Many parents are finding that even when they try to transfer their children under provisions of the federal No Child Left Behind law, neighboring schools often aren't performing any better - and if they are, they often don't have space for newcomers.
Education improvement activists say the promise of transferring to a better school is a fundamental flaw in the No Child law, disappointing parents when they discover the roadblocks to making such a switch.
In Connecticut, new state figures show that students in about 160 elementary and middle schools and dozens of high schools could request transfers because their schools haven't met federal standards for at least two consecutive years.
Most are in Connecticut's struggling cities, and many have fallen short of standards for up to seven or eight years.
"That's an awful lot of schools where kids would be there for their entire tenure," said Alex Johnston, a New Haven school board member and chief executive officer of ConnCAN, the Connecticut Coalition for Achievement Now.
Last year, only about 2 percent of eligible Connecticut students' parents requested a transfer. In the end, less than half of 1 percent changed schools, according to state Department of Education preliminary figures released last week.
That trend has held true for the last several years and is close to national transfer figures.
Milly Arciniegas, whose eighth-grade son attends E.B. Kennelly School in Hartford, said the letter she gets each year about his transfer options is meaningless since other nearby schools are full or in the same straits as her son's.
"What you're telling me is 'Your son is in a need-of-improvement school and here are your options,' but it's a joke because there's no other choice," said Arciniegas, who advocates requiring more openings in suburban districts.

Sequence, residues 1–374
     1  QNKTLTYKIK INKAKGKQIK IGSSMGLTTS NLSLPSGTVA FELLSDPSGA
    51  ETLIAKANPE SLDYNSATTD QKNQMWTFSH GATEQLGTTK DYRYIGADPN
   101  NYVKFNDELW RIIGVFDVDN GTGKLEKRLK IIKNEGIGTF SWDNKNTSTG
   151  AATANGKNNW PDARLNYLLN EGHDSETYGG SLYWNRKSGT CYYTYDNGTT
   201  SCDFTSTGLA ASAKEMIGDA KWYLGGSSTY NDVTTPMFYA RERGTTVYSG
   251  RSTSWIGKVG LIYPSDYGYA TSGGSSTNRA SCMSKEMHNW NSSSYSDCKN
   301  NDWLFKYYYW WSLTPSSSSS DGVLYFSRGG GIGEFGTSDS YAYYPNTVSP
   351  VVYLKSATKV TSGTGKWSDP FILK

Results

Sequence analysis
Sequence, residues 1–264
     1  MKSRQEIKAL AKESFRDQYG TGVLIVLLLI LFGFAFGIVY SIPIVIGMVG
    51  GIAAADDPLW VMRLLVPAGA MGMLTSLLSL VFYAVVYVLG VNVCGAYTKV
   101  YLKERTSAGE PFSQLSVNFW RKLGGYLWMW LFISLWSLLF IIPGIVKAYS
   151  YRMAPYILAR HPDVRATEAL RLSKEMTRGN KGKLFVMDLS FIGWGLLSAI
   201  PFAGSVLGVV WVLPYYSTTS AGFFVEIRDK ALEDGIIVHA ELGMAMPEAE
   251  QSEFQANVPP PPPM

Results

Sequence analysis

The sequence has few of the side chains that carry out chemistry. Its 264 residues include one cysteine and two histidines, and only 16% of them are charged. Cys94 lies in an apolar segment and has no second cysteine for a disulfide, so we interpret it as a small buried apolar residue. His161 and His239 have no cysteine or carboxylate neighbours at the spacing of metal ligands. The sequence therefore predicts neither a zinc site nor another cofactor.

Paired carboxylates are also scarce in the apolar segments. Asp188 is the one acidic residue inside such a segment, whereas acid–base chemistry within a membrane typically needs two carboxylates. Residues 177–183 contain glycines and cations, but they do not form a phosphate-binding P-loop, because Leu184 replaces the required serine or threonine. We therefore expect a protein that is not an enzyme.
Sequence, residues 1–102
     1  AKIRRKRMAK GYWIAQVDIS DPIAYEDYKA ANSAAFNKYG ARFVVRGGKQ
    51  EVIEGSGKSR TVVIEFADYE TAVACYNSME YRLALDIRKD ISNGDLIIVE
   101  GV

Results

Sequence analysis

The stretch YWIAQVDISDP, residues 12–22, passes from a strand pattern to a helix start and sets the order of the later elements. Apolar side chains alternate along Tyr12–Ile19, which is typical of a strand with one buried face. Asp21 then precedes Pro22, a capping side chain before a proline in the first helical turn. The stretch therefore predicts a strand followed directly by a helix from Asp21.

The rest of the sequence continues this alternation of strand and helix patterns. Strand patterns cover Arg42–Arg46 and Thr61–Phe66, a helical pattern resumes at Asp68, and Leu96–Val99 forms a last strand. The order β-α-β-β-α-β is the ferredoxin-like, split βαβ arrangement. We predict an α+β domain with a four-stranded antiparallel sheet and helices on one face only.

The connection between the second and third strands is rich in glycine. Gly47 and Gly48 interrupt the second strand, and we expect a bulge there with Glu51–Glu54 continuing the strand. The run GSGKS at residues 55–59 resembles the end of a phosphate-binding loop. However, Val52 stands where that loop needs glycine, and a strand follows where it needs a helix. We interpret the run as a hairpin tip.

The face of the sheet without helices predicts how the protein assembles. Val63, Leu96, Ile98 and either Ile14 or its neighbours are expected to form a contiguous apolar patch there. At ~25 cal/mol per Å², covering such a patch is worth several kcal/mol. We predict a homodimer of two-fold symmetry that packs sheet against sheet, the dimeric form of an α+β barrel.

"That whole No child Left Behind is kind of hypocritical. If you're not going to make room for us in other districts, then why have a law like that? It makes no sense," she said.
The Obama administration is proposing an update in the law that would remove the transfer provision, but some members of Congress are concerned because they don't want parents to lose that option or the chance to get special tutoring for their children.
Thomas Murphy, a spokesman for Connecticut's Department of Education, said that while the number of transferring students remains low, many are participating in the after-school tutoring and other services they can get instead.
"You have to keep in mind that when a student transfers, it's not just the school or educational program they are leaving. It's also their friends and their neighborhoods," he said.
In some districts, there's nowhere for a student to transfer anyway.
In New Haven, Hartford and several other Connecticut cities, the solution has been to overhaul some of the struggling schools themselves rather than just waving goodbye to those few students who get a chance to transfer elsewhere.
In Hartford, the SAND Elementary School - once the city's worst-performing elementary school on standardized tests - transformed last year into America's Choice at SAND, with a longer school day and overhauled curriculum with an intense focus on reading and writing.
"What parents in Hartford are doing now is becoming better advocates for our kids and holding teachers and principals accountable so they can make our schools successful. That's the ultimate goal," said Arciniegas, the Hartford mother, who's also president of the citywide Parent Organization Council.
In New Haven, the Katherine Brennan School reopens Sept. 1 with a longer school day, more professional development programs and other changes. Johnston, the ConnCAN leader and school board member, said Brennan and others dubbed "turnaround schools" also include more accountability for teachers and more parent involvement.
"If you focus on just a demand-side solution by giving parents the possibility of a transfer but haven't done anything to address the low supply of attractive schools, you're really not solving the problem," he said.